Ivy Queen releases a motivational new single "Antídoto" to encourage her fans to stay hopeful.

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Ivy Queen talked to People CHICA about how she is spending her time in quarantine at home in Miami with her loved ones, and shared her new single "Antídoto," meant to motivate her fans during the COVID-19 pandemic. "Being on lockdown is hard because we have to go out to earn our daily bread," admits the Puerto Rican singer. Her Raíz No Rama world tour has been postponed. She was touring the United States by bus and says she had a great time cooking for her entire crew, and they were all heartbroken to have to return home when their concerts were postponed indefinitely.

Ivy Queen
Credit: Instagram/Ivy Queen

However, she is still recording music from her home studio and this new single is meant to uplift her followers. "'Antídoto' was born out of that uncertainty and that pain we all feel," she says. "I had to take a pause before recording it because I broke down crying. My intention is for this song to touch and heal the hearts of those who need it."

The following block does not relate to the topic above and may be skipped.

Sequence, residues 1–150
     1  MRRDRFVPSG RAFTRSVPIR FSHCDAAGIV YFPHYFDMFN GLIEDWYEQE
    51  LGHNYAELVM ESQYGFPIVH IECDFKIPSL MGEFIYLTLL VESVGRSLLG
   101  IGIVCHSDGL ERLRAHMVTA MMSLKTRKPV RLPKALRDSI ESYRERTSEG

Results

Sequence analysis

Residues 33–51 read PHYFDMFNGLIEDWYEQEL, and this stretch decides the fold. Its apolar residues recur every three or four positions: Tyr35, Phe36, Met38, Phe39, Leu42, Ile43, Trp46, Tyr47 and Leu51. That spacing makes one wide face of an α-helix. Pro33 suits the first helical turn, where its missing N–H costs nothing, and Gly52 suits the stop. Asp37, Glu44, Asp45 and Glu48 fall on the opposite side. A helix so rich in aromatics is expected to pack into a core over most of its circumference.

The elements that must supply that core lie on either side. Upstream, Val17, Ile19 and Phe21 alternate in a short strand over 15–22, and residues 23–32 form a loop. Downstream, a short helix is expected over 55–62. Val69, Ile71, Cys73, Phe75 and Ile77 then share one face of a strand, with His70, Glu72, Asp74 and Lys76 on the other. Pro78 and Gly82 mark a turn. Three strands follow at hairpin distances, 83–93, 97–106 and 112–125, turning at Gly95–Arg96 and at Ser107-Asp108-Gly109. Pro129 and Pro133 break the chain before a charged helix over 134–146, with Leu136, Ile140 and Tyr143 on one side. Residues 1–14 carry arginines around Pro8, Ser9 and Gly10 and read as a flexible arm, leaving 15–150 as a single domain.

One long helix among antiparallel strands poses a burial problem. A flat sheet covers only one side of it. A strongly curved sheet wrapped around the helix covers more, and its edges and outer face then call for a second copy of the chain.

The music video shows the reggaeton diva hugging fans prior to the social-distancing ordinance, playing with her 6-year-old daughter Naiovy, being affectionate with her husband Xavier, and lighting candles in a church. It also shows images of doctors and nurses fighting the virus around the world. The antidote to get over this crisis, she says, is love and solidarity. "I didn't want it to have a reggaeton beat," she says about the ballad. "This is what flowed for me. My soul is going through what everyone else is experiencing, that uncertainty and feeling of 'what if.' What is going to happen?"

Ivy's daughter is her biggest source of strength, and her priority is making sure she has a happy childhood. "She hugs trees, she likes books and to make music and plays," she says about the curious little girl. "It's not that she lives in a bubble — we have given her tools to survive in this world."

Experiencing this quarantine with her husband Xavier Sánchez has been enjoyable as well. "We give each other our space. I go to our room and write, he meditates, stretches, and drinks his tea," she says. "If we know we are going to say something uncomfortable to each other, we take a little time apart, and we never go to sleep angry at each other." Her mind is too restless to meditate, she admits, but writing and composing new songs has been her best therapy.

For more information on COVID-19, please visit the official website of the CDC.